“Turkey Drop” is a cute name for a devastating phenomenon: Every year at Thanksgiving, countless couples call it quits. Whether it’s two high school sweethearts who have gone off to different colleges and found all those other fish in the sea, or a couple that’s simply not willing to deal with one another’s family through the holiday season, heartbreak is as common to Thanksgiving as canned cranberry sauce. Whether you’re the one doing the dumping or the one getting dumped, splitting up can be heart-wrenching. Fortunately, these books by relationship experts will guide you through every phase of a break-up, no matter which end of the Turkey Drop you’re on.
For the heartbreaker:
Mira Kirschenbaum’s Too Good to Leave, Too Bad To Stay is the perfect book for potential Turkey Droppers who are on the fence about ending things. Zeroing in on problem areas such as sex and communication, she helps readers tally up the pros and cons of their relationship and decide which move is best for them.
2. Dump ‘Em
Speyer’s book combines example break-up scripts and testimonials from celebrities such as Bob Harper (The Biggest Loser) and Michael Jackson’s lawyer, Thomas Mesereau, in a comprehensive guide to ending any kind of relationship. Turkey Drops, after all, don’t have to be limited to romantic relationships: If over the holiday you plan to break it off with a friend or acquaintance, the book–which includes advice on ending things with everyone from your therapist to your personal trainer—is the one for you.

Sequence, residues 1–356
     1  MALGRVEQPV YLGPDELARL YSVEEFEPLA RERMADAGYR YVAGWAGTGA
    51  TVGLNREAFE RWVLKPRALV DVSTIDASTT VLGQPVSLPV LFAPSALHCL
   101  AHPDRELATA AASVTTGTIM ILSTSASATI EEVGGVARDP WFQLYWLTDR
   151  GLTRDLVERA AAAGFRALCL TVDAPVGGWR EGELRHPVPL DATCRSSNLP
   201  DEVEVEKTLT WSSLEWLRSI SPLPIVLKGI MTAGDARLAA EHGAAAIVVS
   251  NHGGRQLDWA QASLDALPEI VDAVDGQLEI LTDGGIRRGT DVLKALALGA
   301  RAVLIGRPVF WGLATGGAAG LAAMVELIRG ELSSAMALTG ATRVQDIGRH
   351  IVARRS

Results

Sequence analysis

If you’ve already done the deed, or you need more encouragement before you do, Judy Ford’s book about the joys of being single is perfect for you. Casting aside popular notions about singledom—namely, that it’s not as fulfilling as being in a relationship, or that all single people are actively looking for a partner—she breaks down the surprising advantages of flying solo.
For the hearbroken:
Sincere as it may be me, the line “It’s not you, it’s me” almost never works: We tend to take breakups personally, as blows to our character and self-esteem. Lisa Steadman addresses precisely this reaction in her book It’s a Breakup, Not a Breakdown, which offers advice on organizing your emotions in the wake of a break-up and learning how to (eventually) move on.
Howard Bronson’s book offers firm but sympathetic tips for getting back to normal in the first few weeks after the end of a relationship. If you want to be back on your feet by the New Year (ideally with a new revenge squeeze to show off), this is the book for you.
As with most negative emotional experiences, the silver lining of being dumped is that it can endow you with a depth, wisdom and degree of self-awareness you didn’t have before. Cheryl Strayed’s collection of advice columns (which originally appeared on The Rumpus) contains numerous pieces on the process of breaking up and healing. It’s exactly the book you’ll want to keep on hand during the inevitable period of self-examination that follows heartbreak.